Actress and well known horror star, Caroline Williams tweeted an article this morning that dovetailed with several previous Cynema posts. Director Brett Ratner called out the dangers of aggregate film score sites like Rotten Tomatoes or the similar Metacritic in an article that devolves into a promo for his upcoming films. You can read it here: https://ew.com/movies/2017/03/23/ratner-tomatoes-scores/
Many lament the recent “state of movies.” They’re bad. Remakes suck. Reboots are horrible. George Lucas and Zack Snyder are savaged by once loyal fans. Others pick apart smaller films and hold them to the same standards as a film made for 10-20 times their budgets. A bad aggregate score can damage a film, diminishing its standing to mere fast food product.
Have people become so fucking dumb, that they don’t know how to enjoy films any longer and only need to rate them?
The one thing I have learned since doing professional filmmaking full time, is that everyone has an opinion and many like to tear shit apart. Even if it’s good, many just have to hate it. I do not dismiss those with genuine criticism as “haters.” Seth MacFarlane’s Family Guy summed that term up quite well:
CHRIS: What’s a ‘hater?’
STEWIE: “Oh, it’s just something people say instead of changing their own flaws.”
Criticism should be constructive. It’s not just the “what” of a film but also the “how and why.” “Fake News” is not about media outlets creating and dispensing false information. It’s about a public that has failed to understand what “news” should be and how it is dispensed.
So what does this have to do with film? If you’re a filmmaker, it means people attack your work. If you’re a film goer, it means the Internet allows a voice on what you’ve seen and ownership over the experience and have the right to let that inner voice public. “Fans” are a different breed. Many believe that conventions and the Internet not only afford access to their celebrities, but their criticism is also welcome.
John Squires writes for Bloody Disgusting. We are Twitter friends. Squires doesn’t just write for a horror trade, he writes film. He loves film. He appreciates a film that may have fallen short of its mark. His writing points out strengths and weaknesses and he understands the medium as an art form. It’s more than “knowing your horror.” Film “criticism” is about conveying to a reader WHY something worked or did not. It’s not about liking or disliking it or affixing some kind of score or rating.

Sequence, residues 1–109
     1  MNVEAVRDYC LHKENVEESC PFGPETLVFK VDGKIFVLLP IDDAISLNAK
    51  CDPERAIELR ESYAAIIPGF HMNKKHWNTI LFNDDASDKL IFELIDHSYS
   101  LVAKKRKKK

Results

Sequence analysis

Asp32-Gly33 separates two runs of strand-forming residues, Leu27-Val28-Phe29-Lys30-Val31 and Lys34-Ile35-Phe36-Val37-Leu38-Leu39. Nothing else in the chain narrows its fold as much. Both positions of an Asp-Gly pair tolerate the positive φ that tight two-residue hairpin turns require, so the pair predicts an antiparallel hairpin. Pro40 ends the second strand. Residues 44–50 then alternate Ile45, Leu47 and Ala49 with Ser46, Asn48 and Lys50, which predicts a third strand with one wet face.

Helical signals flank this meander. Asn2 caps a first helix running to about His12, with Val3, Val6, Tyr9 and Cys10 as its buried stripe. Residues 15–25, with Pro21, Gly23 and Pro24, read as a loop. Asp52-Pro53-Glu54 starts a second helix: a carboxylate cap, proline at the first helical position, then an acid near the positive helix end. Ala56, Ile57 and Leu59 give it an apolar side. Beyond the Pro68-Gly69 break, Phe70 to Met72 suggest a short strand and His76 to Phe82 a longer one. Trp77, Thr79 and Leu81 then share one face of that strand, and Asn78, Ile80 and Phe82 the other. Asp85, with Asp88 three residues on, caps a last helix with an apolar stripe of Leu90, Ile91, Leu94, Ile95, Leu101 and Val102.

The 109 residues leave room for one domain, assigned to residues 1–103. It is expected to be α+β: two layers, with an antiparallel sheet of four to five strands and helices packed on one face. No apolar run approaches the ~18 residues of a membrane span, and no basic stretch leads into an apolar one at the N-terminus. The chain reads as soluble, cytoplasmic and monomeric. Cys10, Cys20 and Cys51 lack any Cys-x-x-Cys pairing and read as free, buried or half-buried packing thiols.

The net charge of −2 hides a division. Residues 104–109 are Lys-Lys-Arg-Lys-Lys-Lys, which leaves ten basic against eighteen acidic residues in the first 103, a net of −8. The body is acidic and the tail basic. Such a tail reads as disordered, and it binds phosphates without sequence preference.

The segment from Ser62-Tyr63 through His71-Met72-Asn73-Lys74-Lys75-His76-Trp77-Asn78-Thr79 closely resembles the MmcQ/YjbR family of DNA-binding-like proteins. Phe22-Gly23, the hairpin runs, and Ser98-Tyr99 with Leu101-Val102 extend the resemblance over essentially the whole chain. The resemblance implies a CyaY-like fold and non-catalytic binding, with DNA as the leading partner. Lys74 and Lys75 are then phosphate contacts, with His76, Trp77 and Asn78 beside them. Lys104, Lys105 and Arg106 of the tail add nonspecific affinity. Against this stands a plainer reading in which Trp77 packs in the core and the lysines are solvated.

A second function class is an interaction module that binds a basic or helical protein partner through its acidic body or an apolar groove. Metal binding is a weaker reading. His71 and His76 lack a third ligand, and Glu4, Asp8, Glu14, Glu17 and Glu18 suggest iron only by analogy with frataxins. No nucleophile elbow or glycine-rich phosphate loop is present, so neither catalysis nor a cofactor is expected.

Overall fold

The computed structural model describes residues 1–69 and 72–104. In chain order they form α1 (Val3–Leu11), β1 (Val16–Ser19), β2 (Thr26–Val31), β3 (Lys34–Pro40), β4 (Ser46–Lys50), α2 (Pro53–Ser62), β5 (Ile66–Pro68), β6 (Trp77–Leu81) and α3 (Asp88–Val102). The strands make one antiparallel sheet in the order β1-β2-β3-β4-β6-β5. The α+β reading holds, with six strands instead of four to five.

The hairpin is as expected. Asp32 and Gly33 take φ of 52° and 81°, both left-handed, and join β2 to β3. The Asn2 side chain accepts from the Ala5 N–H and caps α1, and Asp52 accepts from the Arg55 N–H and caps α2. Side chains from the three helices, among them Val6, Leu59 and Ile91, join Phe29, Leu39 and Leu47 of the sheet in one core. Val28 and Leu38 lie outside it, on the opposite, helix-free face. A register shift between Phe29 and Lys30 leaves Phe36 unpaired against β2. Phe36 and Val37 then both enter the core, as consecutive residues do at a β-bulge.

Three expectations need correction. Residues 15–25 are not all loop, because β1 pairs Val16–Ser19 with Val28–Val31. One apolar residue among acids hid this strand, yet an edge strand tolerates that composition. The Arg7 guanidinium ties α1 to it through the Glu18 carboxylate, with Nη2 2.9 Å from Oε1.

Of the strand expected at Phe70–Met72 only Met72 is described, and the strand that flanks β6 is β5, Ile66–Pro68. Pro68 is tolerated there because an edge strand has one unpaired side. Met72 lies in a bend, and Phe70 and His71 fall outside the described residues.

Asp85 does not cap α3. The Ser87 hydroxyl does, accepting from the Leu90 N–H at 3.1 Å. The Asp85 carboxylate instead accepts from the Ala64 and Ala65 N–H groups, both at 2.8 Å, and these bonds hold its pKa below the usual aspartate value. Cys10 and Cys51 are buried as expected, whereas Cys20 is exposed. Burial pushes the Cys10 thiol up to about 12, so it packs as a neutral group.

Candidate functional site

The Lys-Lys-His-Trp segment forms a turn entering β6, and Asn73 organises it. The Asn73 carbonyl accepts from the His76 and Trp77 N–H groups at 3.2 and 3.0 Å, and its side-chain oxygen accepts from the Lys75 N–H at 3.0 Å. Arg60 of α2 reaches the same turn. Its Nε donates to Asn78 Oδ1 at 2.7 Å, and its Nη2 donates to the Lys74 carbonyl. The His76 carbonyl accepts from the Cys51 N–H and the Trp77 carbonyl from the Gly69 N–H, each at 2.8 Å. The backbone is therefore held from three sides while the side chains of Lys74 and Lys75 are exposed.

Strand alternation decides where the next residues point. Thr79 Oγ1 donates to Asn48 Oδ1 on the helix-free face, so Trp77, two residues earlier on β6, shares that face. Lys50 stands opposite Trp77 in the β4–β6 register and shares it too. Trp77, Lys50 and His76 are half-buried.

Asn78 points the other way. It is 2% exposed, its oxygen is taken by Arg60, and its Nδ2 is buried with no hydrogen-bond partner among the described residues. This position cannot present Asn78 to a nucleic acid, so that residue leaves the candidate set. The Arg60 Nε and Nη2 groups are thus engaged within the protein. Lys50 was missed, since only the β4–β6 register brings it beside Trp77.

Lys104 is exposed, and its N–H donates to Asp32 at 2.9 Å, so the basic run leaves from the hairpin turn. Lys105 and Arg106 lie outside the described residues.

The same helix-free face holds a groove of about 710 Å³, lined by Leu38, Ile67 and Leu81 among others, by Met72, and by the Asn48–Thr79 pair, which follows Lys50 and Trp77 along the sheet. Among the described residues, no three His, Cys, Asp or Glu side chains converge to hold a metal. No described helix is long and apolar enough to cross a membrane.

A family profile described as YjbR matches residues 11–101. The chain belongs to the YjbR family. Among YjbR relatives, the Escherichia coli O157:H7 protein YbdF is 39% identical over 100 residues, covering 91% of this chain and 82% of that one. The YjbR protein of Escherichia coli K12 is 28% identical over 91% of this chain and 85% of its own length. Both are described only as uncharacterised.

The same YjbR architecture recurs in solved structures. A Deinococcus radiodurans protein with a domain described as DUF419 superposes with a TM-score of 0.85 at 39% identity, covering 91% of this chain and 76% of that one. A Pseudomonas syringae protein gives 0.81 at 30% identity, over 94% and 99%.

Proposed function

Scott Weinberg visited the set of Death House for one day. I got to shake his hand and thank him for the gift of a large box of hot Philly pretzels for cast and crew. The Nerdist’s work is the closest thing we have to Roger Ebert. His writing is direct, his knowledge solid but it’s his passion and love for film that’s the glue that holds his views together. Like Squires, Weinberg guides his reader and explains why he sees it as a success or why it doesn’t work.
Weinberg is also a screenwriter. He understands the process and knows what makes it to the screen is a multi-person effort. While it may start on a page, that script passes into many hands on its way to the screen. If some of the performances or effects are underwhelming, he allots for that. He is clear to identify the parts of the film that did work.
That’s because he loves movies. He enjoys them. Both men see the magic in the medium and didn’t let the cynic poison their hearts. Snark, complaining or trashing are not the goals of Weinberg or Squires. They have something to say and as readers and filmmakers, we should listen.
Film is the closest thing, above modern medicine and technology, to magic. Film is immortality in this world.
Why is there so much piss and vinegar? Many lament, “films suck these days” but what is their point of reference? Do those who decry the state of the industry have a true point of reference? Most all do they watch enough movies to qualify their complaints?
Social media has this convention tour “gold standard” for a handful of horror films. Consequently, these “litmus test” films are seen as untouchable by fans who fall in the middle of the horror bell curve. These are the convention goers–who follow horror cons like Grateful Dead fans. I am not disparaging these folks. I targeted these fans for my upcoming feature, Death House.
These folks know the films’ stars. They have fed on decades of Fangoria and Starlog articles with intravenous DVD extras, YouTube interviews and every piece of minutia that has allowed Jason Vorhees, Michael Myers and Freddy Kreuger to remain icons forty years later. They take articles on these characters personally.
There’s more out there, folks.